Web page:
You don’t need too many fingers to count the number of Austrian winners on the European Tour. In fact, you need only one hand. Before the Ballantine’s Championship in South Korea, only two Austrians had won in Europe.
No wonder Bernd Wiesberger’s victory on Sunday came as such a surprise. Given the way Wiesberger took control in Korea, you’d have thought Austria was one of golf’s powerhouses.
The 26-year-old took a five-shot lead into the final round as he chased his first European Tour win. He gained that advantage with consecutive rounds of 65 in the second and third rounds after an opening 72. It was his tournament to lose.
Yet the Austrian held steady in the final round, even though players were taking a run at him. In fact, Wiesberger didn’t do much wrong over the final 59 holes. He didn’t drop a shot during that stretch.
Scotland’s Richie Ramsay closed with a 7-under 65 to finish second, while Victor Dubuisson posted a 66 to place joint third with Australia’s Marcus Fraser. Wiesberger remained oblivious to their challenges.
“I just tried to enjoy it, and I had the three best rounds of my life,” Wiesberger said. “I tried not to make bogeys, and I did that pretty well. It was awesome.
“My game plan was to hit as many greens as possible and try to make putts, and they dropped in the end.
“I didn’t get nervous. There was a pretty shaky moment at 12, but I made a great chip and a putt for par, but I just tried to enjoy it the last three or four holes.”
Wiesberger won twice on the European Challenge Tour in 2010 to finish fifth on that money list and gain his European Tour card for 2011. He placed 64th on the Order of Merit last year, with two runner-up spots. He began this season with a ninth-place finish in the Joburg Open, but nothing since had indicated he was poised to him win at a tough course such as Blackstone Golf Club at Icheon, against a pretty good field.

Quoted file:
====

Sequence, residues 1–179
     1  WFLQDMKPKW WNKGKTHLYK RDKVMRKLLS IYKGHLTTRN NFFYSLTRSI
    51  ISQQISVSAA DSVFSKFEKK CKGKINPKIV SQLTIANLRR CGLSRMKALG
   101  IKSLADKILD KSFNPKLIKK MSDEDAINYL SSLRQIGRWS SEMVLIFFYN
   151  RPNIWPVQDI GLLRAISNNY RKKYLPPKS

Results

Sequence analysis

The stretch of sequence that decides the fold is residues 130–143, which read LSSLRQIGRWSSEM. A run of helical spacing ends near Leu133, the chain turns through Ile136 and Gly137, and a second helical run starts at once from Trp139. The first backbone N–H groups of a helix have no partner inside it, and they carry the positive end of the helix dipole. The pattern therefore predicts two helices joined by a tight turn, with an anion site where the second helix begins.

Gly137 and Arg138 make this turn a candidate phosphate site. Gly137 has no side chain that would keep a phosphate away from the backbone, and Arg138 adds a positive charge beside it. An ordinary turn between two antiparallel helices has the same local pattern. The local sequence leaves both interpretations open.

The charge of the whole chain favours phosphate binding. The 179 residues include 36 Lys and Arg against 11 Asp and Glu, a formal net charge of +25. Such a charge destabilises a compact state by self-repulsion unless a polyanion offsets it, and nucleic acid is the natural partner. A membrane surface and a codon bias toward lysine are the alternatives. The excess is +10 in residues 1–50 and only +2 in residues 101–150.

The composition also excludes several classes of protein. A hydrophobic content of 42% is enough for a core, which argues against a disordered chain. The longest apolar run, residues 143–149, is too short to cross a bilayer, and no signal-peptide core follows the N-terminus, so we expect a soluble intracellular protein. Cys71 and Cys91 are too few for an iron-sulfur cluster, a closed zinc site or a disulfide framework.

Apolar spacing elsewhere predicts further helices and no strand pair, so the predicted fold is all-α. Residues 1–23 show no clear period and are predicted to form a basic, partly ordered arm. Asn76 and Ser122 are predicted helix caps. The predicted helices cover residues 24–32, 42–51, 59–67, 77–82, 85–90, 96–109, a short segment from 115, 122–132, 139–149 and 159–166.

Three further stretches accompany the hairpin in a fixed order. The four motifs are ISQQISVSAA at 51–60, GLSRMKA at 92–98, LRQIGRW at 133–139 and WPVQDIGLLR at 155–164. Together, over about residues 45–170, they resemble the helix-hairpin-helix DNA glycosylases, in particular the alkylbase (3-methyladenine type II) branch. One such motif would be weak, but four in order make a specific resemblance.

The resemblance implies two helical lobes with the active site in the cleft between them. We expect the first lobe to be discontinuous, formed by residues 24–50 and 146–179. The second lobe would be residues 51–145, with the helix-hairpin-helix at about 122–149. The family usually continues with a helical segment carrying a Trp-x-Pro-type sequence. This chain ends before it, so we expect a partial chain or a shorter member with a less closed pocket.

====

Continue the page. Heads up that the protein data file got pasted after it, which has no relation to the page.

Markus Brier and Martin Wiegele are the previous Austrian winners on the European Tour, with Brier winning twice and Wiegele once. Don’t be surprised, though, if the 6-foot-2-inch, 189-pound Wiesberger goes on to outdo his compatriots.
“He’s as impressive a golfer as I’ve ever seen,” Fraser said. “If he keeps working on the right things and doing what he’s doing, he’s obviously got a great support team around him, and he can go on to do whatever he wants. A guy that size and hits it that far and still putts unbelievably, you don’t see that too often. He’s got massive things ahead of him, and I wish him all the best. He’s an absolute gentleman on the course. It was great fun being out there and watching it.”
Wiesberger might just go on to put Austria on the golfing map.